For babies and young children, playing is a learning experience. If you want to contribute to your child’s positive development, make sure you get him to play as often as you can. Games and interactive imagination exercises can enhance your child’s cognitive abilities, as well as boost a wide variety of motor and social skills.
This article features a fun list of 10 development boosting games that you can easily play with your child anytime! These game and activity ideas are one way to get started. Have any go-to advice of your own? Let us know what works for you in the comments.
Something important to be aware of as you plan your activity time: children, babies especially, have a very short attention span. They might be bored with something quickly and their interest could be captivated by something else in no time. In addition, they might not understand the dynamics of the game immediately. Repetition is essential. Don’t feel awkward about repeating the same thing all over again, the way your child experiences repetition is different than the way you do.
You may even want to keep an activity journal listing the activity completed, how long the activity held your child’s interest and what skills you worked on or that needed improvement. Online apps like Evernote and Google Keep can be a terrific way to collect this information. We’ve also included a downloadable journal that can get you started. CLICK HERE FOR THE PRINTABLE JOURNAL
“Repetition is the mother of learning, the father of action, which makes it the architect of accomplishment.” — Zig Ziglar
Dancing and Movement
Dancing and moving is a great way to stimulate your kid’s gross motor skills. Balance, strength, coordination, and proprioception aka knowing where your body is within a space – these are all skills children need to learn and develop over time.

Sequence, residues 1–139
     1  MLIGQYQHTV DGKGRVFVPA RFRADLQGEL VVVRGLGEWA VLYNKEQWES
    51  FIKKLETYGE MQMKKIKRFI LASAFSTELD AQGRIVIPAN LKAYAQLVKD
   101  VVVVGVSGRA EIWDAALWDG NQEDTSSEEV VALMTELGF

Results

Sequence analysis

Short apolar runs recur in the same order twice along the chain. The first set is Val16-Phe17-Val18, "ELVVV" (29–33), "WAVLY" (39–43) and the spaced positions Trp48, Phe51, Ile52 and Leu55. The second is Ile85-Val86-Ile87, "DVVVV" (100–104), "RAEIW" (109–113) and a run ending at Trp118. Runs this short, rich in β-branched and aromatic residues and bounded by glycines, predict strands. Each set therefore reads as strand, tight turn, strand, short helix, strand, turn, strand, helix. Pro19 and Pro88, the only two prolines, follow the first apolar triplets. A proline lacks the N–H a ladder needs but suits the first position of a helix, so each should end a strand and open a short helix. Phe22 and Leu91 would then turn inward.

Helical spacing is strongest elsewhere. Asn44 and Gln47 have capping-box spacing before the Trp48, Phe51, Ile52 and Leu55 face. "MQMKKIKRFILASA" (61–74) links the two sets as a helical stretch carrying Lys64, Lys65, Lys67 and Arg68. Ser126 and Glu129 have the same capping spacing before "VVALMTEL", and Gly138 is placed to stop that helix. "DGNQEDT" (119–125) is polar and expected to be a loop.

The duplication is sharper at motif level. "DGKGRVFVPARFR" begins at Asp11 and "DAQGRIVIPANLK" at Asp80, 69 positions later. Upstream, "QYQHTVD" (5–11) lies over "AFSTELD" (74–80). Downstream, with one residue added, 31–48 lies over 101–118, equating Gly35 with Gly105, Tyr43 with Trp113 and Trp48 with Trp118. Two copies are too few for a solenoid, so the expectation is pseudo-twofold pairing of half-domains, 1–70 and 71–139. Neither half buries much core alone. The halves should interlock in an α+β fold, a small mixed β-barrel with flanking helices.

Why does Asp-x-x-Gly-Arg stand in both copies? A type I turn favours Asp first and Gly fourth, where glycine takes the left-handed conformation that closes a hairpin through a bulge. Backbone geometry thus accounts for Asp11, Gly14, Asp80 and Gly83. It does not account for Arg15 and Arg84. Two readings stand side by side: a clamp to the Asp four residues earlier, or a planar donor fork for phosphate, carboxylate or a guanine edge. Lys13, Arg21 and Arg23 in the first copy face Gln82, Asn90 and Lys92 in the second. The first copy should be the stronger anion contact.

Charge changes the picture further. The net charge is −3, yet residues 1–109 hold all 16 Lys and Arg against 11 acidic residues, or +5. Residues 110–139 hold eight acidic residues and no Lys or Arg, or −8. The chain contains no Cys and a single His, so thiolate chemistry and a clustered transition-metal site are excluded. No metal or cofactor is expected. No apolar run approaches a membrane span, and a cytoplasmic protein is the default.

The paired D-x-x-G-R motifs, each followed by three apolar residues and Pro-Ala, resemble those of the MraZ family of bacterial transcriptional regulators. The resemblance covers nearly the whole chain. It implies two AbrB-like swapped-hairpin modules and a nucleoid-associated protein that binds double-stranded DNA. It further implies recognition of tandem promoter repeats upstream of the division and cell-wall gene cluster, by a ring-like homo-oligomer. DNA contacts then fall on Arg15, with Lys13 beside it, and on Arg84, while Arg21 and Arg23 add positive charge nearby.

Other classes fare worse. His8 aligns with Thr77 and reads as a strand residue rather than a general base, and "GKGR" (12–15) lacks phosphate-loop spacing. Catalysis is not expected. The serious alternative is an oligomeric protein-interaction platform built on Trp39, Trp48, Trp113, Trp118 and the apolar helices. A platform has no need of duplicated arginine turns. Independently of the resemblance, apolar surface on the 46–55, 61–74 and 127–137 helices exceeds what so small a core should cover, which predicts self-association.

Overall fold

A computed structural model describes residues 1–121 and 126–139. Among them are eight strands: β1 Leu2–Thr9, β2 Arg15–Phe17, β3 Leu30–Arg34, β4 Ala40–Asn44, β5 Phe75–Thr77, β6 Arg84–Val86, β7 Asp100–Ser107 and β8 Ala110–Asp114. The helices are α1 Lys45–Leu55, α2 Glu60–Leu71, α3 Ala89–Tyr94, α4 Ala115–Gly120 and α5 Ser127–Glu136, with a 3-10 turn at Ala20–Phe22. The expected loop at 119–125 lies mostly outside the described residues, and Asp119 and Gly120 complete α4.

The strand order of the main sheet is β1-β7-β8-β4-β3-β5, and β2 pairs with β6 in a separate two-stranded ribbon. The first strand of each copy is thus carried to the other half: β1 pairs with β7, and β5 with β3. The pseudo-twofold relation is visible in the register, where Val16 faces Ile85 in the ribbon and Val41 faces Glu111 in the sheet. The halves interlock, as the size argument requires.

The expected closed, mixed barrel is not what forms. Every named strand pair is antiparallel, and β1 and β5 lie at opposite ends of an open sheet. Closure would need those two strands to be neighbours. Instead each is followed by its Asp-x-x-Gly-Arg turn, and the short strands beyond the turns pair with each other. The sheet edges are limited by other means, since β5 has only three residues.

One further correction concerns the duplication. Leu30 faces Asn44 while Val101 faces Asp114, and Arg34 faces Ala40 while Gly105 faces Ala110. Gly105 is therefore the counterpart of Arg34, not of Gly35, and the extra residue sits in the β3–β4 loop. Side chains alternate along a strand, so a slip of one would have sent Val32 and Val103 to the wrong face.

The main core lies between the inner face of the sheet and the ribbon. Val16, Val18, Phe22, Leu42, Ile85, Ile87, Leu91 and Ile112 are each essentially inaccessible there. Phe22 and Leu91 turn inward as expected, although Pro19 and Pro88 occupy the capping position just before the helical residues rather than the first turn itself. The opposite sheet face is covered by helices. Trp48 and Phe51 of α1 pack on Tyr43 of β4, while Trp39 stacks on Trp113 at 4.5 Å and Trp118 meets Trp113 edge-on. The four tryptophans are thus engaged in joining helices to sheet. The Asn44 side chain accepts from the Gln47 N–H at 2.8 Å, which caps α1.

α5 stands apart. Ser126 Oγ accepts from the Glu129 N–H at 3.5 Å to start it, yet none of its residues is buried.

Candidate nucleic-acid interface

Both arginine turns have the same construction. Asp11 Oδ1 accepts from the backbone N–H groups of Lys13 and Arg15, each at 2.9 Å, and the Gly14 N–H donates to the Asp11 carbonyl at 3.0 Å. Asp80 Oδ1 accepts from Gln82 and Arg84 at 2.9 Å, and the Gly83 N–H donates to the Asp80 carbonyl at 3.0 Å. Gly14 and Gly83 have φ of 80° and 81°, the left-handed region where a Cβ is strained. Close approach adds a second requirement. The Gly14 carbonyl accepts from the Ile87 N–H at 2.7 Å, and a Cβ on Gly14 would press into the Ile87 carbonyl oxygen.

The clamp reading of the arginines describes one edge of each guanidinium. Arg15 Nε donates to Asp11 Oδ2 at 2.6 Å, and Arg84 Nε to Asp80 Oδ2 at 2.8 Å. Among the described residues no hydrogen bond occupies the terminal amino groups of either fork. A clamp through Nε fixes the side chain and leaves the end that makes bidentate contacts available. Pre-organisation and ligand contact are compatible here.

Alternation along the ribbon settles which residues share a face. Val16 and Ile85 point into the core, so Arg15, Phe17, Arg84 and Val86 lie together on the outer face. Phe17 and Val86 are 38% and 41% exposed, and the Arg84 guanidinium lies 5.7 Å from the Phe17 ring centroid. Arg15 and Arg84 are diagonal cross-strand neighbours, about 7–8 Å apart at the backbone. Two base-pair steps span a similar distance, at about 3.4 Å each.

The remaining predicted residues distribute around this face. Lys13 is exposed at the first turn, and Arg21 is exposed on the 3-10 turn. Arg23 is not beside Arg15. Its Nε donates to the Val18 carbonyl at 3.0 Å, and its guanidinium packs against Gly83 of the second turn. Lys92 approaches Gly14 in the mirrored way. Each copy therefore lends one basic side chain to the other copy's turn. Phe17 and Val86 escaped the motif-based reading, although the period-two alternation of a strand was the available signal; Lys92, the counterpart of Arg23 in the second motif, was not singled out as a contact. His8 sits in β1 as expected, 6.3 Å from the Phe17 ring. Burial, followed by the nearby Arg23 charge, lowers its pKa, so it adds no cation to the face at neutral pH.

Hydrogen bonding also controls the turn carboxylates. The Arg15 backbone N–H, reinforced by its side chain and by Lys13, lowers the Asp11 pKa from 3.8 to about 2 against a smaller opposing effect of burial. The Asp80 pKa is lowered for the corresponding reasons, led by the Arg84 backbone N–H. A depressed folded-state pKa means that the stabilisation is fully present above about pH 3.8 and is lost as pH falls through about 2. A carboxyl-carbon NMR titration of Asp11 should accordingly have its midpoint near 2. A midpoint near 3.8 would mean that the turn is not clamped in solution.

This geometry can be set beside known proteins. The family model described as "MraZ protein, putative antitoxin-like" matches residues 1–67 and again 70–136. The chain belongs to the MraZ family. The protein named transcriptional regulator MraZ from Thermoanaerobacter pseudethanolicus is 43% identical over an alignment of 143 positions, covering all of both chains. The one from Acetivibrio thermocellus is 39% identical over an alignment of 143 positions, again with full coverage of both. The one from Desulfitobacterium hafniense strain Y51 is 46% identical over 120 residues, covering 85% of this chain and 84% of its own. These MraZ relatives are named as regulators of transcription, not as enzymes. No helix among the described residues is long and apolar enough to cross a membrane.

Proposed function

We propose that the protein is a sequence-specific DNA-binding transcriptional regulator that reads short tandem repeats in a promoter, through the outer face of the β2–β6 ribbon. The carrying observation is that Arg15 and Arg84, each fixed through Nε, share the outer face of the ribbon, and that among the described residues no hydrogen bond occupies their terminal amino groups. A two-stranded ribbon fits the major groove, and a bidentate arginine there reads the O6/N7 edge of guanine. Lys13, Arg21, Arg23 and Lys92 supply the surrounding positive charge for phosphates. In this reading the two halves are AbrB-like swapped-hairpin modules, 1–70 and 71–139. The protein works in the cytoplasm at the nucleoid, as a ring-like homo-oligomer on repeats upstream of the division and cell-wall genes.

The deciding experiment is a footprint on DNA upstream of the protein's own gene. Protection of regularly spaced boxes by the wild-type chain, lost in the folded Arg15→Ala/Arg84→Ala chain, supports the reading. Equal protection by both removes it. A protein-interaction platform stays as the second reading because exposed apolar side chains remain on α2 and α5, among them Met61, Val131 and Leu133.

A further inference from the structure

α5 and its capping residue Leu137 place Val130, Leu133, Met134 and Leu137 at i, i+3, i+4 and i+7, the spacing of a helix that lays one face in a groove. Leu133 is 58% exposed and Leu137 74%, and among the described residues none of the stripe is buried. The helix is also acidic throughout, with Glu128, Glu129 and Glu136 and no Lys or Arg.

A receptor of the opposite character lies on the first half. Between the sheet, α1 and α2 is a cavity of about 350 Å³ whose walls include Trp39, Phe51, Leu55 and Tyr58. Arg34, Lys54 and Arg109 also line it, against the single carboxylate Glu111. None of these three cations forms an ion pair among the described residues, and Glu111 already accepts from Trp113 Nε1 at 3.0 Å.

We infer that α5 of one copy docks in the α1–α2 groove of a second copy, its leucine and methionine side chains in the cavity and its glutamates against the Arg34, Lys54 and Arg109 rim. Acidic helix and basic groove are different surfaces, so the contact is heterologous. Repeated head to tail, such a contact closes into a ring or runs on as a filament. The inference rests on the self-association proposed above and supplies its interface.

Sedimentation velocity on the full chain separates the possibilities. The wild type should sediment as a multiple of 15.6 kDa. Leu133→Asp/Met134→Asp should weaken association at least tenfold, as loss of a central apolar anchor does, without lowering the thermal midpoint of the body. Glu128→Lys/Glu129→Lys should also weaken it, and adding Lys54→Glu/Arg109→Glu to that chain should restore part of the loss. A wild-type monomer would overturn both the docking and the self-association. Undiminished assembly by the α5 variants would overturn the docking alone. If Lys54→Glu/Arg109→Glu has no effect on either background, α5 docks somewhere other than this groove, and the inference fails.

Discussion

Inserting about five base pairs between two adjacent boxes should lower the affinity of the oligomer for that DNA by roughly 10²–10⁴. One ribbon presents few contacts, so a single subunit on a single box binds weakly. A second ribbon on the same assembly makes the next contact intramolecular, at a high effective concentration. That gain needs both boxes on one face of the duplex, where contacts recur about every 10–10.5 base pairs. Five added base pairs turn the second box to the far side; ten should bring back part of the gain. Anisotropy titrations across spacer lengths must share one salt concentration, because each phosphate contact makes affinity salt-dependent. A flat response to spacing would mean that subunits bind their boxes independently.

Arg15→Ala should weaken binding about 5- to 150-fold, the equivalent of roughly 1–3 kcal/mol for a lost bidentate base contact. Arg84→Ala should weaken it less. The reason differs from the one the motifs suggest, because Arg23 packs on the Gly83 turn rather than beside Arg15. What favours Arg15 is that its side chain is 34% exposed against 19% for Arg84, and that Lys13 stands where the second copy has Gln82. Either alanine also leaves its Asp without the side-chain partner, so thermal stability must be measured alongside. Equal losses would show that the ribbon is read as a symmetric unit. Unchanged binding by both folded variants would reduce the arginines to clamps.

Turn on your favorite music and have a living room dance party. Or, play a fun game where everyone makes up an unfamiliar dance move and has to teach everyone else. It’s not very hard to come up with ways to break out in dance – just do it whenever the music moves you!
Dancing at the Whitney Museum
Touching and Feeling Different Objects
Your kid will learn so much from moving, feeling and experimenting with different objects. Sensory development can be vital for some many kids in every stage of development. If you Pinterest “sensory games” it will provide you with hundreds of ideas. To avoid information overload, just start by collecting a few safe items that are soft, scratchy, sticky, wet, warm, cold – anything with an interesting texture.
Also, be aware of these senses when you’re out and about with your kids. “Doesn’t this dog feel soft?” “This fabric is very smooth, what else is smooth like this fabric?” Guiding your kids through these thoughts will help them distinguish between different kinds of textures and shapes. If your child is challenged by sensory activities, ask for help in determining how to best work within your child’s needs.
Kids are always entertained and mesmerized by objects dangling over their heads! In the first few months of your baby’s development, she’ll start swiping at objects dangling above her. Older kids like this too. In the book “Growing Artists: Teaching the Arts to Young Children” by Joan Bouza Koster, she offers a number of imaginative examples of how to use pantomime and props to encourage artistic expression.